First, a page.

Auto Sales Slip Unexpectedly in November: Auto sales fell unexpectedly in November to their second lowest level since May 2020. Sales were expected to improve slightly to 13.45 million annualized units but instead drifted down from 12.99 million to 12.86 million, a 31% drop from April’s peak and an unusually low level outside of a recession. The auto industry has been particularly hard hit during the pandemic as a result of a chip shortage that has depressed production and inventories. Sales of autos and auto parts contracted at a 50% annualized rate in the third quarter and knocked 2.2% off of headline growth.
ICYMI – November 2021 Monthly Review: The economic outlook grew increasingly uncertain in November as the Fed began to normalize policy amid strong inflation and the risk from the virus increased as Europe faced a new outbreak and another variant emerged. After the Fed announced on November 3 that it would begin tapering asset purchases, inflation printed firmer and broader than expected, leading to speculation officials may speed up the pace in order to more quickly acquire optionality to tighten if inflation doesn’t subside. Despite the emergence of the Omicron variant, Fed Chair Powell said he supports considering a faster taper at December’s meeting. The uncertainty created by the mutated virus strain and shifting policy spooked stocks. Treasury yields fell and the curve flattened to its tightest level since early January. Click here for the full Monthly Review.
Market Optimism Evaporates in the Second Half of U.S. Trading: Positive momentum had returned overnight in global trading and persisted through the early part of Wednesday’s U.S. session. Equities, oil, and Treasury yields all recovered higher from another fear-driven sell-off Tuesday related to Omicron and Fed Chair Powell supporting a faster taper. Despite a positive ADP payroll report and a better-than-expected ISM Manufacturing index (more above), however, market sentiment softened mid-morning. The U.S.-session peak for the major equity indices, U.S. WTI crude, and Treasury yields occurred around 10:30 a.m. CT, about the time South Africa reported new infections that nearly doubled Tuesday’s tally. Intraday charts showed stocks took another step down on the inevitable identification of the U.S.’s first Omicron case. By the close, the S&P 500 had erased a 1.9% morning gain to close down 1.2%, at session lows and below its 50-day moving average. Oil prices were 0.9% lower at a three-month low around $65.50 per barrel. The 10-year Treasury yield had flipped a 4.6-bp gain to a 4.1-bp decline, settling below its 200-day moving average at 1.40%, the lowest level since September 22.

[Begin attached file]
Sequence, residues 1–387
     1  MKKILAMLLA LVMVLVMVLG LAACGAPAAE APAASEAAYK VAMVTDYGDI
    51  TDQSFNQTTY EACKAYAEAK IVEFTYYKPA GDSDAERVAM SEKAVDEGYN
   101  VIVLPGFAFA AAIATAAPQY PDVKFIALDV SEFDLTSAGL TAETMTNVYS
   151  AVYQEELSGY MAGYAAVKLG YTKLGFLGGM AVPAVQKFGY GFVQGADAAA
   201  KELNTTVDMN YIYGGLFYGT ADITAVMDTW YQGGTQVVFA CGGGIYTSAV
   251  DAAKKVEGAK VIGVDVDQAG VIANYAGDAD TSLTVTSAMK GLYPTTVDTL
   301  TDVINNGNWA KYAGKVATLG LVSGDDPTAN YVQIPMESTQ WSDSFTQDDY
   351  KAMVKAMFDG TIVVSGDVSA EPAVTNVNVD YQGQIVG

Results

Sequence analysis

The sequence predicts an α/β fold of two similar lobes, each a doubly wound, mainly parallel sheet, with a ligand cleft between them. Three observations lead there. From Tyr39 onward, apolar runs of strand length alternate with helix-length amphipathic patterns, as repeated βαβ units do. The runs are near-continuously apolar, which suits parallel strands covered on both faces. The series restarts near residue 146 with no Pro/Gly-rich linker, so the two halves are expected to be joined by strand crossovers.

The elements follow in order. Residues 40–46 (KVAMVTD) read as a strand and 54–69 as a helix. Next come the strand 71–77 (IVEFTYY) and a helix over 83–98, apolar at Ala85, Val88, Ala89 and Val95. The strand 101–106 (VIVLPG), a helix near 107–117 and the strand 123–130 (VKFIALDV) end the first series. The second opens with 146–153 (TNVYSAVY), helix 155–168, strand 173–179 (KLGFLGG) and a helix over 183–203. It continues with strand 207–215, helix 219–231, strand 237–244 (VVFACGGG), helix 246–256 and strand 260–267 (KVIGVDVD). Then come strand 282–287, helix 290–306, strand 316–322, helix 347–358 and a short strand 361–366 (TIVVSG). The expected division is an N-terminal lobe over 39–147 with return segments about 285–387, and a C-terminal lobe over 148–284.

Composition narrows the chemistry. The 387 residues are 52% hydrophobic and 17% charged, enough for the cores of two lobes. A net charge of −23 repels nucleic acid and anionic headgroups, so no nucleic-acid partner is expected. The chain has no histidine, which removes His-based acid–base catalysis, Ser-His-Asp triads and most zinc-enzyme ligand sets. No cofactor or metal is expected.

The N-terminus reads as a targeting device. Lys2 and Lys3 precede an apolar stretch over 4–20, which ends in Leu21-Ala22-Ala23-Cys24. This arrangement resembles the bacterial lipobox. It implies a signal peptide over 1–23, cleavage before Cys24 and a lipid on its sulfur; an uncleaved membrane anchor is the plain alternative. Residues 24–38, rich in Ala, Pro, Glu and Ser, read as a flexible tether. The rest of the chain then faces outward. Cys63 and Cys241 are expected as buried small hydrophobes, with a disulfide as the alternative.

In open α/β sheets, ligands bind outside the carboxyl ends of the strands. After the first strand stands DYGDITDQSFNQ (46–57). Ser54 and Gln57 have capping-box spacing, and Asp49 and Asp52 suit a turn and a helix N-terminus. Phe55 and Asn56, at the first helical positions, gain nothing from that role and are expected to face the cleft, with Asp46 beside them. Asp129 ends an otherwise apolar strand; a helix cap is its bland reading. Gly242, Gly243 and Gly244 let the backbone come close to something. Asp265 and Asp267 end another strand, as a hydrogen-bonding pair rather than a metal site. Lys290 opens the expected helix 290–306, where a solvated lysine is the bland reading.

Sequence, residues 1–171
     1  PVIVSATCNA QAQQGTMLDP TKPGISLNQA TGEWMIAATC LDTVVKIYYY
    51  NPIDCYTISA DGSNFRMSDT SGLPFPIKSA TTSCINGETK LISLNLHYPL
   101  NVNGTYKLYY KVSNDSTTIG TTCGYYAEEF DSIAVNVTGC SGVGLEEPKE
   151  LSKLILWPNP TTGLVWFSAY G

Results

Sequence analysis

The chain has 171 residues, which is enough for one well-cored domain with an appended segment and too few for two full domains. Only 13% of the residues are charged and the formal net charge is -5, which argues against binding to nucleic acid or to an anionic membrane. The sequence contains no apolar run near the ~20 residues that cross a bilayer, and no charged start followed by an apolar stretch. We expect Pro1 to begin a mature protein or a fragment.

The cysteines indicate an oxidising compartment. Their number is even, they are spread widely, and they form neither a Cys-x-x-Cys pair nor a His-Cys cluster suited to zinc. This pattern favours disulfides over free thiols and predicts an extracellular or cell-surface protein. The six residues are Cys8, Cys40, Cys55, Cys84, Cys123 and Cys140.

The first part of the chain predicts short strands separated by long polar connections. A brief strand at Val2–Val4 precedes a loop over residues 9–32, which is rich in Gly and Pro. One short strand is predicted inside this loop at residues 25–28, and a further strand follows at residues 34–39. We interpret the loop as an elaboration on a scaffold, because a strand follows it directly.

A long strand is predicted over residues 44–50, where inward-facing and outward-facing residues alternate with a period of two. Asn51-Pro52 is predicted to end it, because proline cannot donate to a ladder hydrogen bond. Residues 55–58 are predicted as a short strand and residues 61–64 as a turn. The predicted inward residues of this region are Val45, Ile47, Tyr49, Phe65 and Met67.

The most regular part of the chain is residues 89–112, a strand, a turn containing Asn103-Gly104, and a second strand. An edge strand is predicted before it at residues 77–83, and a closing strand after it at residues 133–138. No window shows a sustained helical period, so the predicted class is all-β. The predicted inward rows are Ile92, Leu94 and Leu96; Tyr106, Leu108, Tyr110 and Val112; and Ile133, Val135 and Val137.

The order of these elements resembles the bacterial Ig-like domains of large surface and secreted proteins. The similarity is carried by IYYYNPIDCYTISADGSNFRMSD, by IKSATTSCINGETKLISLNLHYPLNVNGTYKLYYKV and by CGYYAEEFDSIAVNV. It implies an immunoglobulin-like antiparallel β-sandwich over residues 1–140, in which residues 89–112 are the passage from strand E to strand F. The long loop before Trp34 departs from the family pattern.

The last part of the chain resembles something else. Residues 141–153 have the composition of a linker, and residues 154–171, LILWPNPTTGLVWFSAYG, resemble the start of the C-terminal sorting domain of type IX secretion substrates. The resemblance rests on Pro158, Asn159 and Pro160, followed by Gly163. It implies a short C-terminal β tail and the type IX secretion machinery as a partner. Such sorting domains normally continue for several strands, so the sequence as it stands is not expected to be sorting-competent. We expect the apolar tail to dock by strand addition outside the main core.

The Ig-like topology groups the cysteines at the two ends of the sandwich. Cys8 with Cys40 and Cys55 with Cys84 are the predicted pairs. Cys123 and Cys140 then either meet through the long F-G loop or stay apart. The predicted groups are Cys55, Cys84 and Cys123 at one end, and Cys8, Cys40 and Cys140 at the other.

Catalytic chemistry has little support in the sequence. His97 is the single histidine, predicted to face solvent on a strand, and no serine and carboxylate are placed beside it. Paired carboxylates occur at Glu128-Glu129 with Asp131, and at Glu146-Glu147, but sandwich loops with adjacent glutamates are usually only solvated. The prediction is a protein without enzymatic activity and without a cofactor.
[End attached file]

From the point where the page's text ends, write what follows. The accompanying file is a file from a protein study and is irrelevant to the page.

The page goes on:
While European equities and sovereign yields fell Thursday in response to yesterday’s afternoon risk-off shift in the U.S., S&P 500 and Dow futures were attempting to rebound again and Treasury yields recovered higher, although the recent curve flattening has continued. Prior to and shortly after the release of the weekly jobless claims report, the 2-year yield was 4.4 bps higher at 0.59% while the 10-year yield was up 1.4 bps to 1.42%. The roughly 82-bps spread was the flattest since January 4.
The CDC confirmed the first U.S. case of Omicron. The fully-vaccinated San Francisco resident had recently traveled to South Africa and was experiencing mild symptoms. South Korea, Ireland, and the UAE were among other countries to announce their first Omicron cases. South Africa’s daily infections nearly doubled Tuesday’s tally and testing positivity rose to 16.5%. Officials in South Africa noted hospitalizations have picked up and said it’s too soon to assess the severity of Omicron. The White House said travel bans are a temporary measure while Germany’s outgoing Chancellor Merkel proposed mandatory vaccinations from February 2022 and restrictions for the unvaccinated.